2016-04-08 / Front Page

SoPo supports pesticide plan

By Wm. Duke Harrington
Staff Writer


Left, a section of the South Portland Municipal Golf Course shows the damage from winter weather, if not insects and other pests. Because of the special needs of the golf course, it has been exempted for three years from a citywide pesticide use ordinance now before the city council, which would largely ban the use of synthetic pesticides in favor of organic solutions. (Duke Harrington photo) Left, a section of the South Portland Municipal Golf Course shows the damage from winter weather, if not insects and other pests. Because of the special needs of the golf course, it has been exempted for three years from a citywide pesticide use ordinance now before the city council, which would largely ban the use of synthetic pesticides in favor of organic solutions. (Duke Harrington photo) SOUTH PORTLAND — Although it said a few tweaks are needed before final passage, the City Council on Monday unanimously approved the first reading of a citywide ban on synthetic pesticides.

The idea has been in the works since June 2015, following a presentation to the council by grassroots environmental group Protect South Portland, the same group that successfully lobbied for a local ban on tar sands oil.

“Nature, the way it is, if left alone, does very well,” PSP president Rachel Burger said.

According to the city’s sustainability coordinator, Julie Rosenbach, the ordinance would ban the use of most synthetic pesticides throughout the city, exempting only chemicals allowed by the Organic Materials Review Institute or free from regulation by the U.S. Environmental Protection Agency. Also cleared for use are synthetics used to promote public safety, such as to eradicate poisonous plants, and to control invasive insects. Meanwhile, most organic pesticides would be OK for use.

“Organics would be allowed unless specifically prohibited and synthetics prohibited unless specifically allowed,” Rosenbach said.

If adopted, the new ordinance would create a seven member pest management advisory committee (PMAC), made up of the city’s stormwater program coordinator, the parks director, two members of the Maine Board of Pesticide Control – at least one of whom must have experience in organic land care management – and three city residents.

The PMAC would process waiver applications, develop public education programs, issue annual reports, and review the ordinance every three years for possible amendments.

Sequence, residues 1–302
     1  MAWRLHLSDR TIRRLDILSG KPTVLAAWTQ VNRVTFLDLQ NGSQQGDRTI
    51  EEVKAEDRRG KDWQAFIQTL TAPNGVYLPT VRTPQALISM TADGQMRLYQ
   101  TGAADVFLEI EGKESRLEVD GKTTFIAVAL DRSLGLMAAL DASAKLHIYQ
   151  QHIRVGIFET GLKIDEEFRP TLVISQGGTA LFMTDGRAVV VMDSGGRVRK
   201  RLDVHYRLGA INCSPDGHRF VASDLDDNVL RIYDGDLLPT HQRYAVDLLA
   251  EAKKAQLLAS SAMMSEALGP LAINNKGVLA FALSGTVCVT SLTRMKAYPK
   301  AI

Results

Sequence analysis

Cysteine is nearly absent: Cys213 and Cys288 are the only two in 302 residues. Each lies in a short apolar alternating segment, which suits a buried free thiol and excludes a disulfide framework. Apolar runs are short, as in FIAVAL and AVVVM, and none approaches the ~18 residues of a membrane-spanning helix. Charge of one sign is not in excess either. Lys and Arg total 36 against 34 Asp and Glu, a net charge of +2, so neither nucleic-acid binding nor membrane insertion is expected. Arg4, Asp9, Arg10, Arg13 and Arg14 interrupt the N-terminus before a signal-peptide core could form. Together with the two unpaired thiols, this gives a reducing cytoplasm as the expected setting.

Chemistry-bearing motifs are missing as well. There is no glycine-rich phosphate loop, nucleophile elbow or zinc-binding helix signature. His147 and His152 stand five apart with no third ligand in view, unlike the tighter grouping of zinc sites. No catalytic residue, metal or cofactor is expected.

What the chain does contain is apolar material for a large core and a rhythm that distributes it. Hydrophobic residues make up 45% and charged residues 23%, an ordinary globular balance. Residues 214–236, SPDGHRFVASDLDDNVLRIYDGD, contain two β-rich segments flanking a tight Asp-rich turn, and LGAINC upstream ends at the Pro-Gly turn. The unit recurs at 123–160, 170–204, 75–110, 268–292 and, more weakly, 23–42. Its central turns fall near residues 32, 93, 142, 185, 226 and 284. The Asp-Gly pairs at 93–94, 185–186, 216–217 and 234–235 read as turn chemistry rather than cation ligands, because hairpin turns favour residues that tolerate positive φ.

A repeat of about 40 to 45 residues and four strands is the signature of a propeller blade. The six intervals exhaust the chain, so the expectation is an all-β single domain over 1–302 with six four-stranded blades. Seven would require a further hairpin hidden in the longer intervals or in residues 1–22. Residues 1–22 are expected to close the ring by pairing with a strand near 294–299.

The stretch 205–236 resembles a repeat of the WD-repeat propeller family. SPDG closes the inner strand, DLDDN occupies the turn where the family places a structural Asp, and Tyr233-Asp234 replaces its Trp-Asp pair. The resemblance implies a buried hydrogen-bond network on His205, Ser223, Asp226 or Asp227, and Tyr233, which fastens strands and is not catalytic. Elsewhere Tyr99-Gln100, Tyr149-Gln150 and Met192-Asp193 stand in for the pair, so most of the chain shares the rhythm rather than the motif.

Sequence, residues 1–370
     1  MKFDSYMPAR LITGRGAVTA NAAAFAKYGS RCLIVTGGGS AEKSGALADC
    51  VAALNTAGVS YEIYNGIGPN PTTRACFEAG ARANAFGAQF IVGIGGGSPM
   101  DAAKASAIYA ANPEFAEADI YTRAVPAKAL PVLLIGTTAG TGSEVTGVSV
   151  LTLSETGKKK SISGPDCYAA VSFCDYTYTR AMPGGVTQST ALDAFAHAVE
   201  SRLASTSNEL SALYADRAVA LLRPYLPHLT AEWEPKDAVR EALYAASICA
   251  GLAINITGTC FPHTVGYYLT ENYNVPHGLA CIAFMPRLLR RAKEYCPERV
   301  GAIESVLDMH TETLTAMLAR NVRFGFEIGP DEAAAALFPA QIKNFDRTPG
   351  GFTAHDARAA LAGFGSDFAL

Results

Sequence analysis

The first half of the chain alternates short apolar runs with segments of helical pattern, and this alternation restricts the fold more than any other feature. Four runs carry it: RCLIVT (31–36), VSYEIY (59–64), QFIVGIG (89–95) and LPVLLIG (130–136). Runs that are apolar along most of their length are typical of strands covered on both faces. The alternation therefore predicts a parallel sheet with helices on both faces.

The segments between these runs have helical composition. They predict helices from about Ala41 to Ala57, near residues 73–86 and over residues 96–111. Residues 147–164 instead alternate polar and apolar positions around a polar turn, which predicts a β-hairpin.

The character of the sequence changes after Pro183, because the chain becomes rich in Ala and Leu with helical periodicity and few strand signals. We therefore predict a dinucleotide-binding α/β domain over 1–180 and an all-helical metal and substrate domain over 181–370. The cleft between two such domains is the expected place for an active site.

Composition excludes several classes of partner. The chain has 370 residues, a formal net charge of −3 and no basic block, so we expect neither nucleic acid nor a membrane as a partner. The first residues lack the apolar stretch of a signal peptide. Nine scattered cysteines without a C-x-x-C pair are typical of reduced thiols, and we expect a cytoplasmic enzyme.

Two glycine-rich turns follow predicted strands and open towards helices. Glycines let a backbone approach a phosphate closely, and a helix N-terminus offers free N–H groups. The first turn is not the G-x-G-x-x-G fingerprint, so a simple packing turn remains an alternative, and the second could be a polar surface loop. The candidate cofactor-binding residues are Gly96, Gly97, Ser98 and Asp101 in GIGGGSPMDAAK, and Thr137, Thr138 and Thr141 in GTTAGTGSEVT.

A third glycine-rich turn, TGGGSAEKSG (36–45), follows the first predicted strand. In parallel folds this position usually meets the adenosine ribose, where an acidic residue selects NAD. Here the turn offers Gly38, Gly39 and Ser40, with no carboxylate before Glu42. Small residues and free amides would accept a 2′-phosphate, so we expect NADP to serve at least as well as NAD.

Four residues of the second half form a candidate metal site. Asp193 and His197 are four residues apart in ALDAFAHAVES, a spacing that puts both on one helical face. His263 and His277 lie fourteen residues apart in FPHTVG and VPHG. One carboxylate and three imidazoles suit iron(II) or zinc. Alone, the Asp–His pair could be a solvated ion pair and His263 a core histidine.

Because of the expected kickback from residents, the ordinance has a longer than usual lead-in time, not becoming effective, if passed, until May 1, 2017. Even then, the pesticide ban would only apply to most city owned property. It would not be enforced against private property owners until May 1, 2018.

“We know that this is a cultural change as much as a policy change,” Rosenbach said, addressing the need for a wide-ranging outreach program.

Meanwhile, golf courses are exempt until May 1, 2019. Until then, the ban on synthetic pesticides would not apply to the playing surfaces of private golf courses, meaning the Sable Oaks Golf Club, or the tees and greens of the municipal golf course.

“The city faces challenges in attracting golfers to our municipal course,” Rosenbach said, indirectly referencing revenue shortfalls the South Portland nine-hole course has experienced in recent years.

“There are currently few, if any, examples of golf courses that are being managed successfully without some synthetic pesticide use . . . and none for small municipal courses,” Rosenbach also told the council in an accompanying memo to her April 4 presentation. “Golf course playing surfaces are entirely different from lawns, parks and turf. The game of golf requires specific management practices to maintain adequate playing surfaces.”

Although councilors voted unanimously on the first reading of the pesticide ban, some signaled they may bail on the final passage if certain edits are not made. Among the requested alternations, councilors asked clarification of a 75-foot setback on all pesticide use from open waters, provisions to speed up the waiver process, and an explanation of how the ban would be enforced.

Several speakers Monday raised the enforcement question, including Colchester Drive resident Albert DiMillo, who was otherwise on hand to address the new municipal budget.

“It’s great to have another committee, you’ve only got 13 or 14 boards, but not a finance committee. You’ve really got your priorities straight,” he told the council.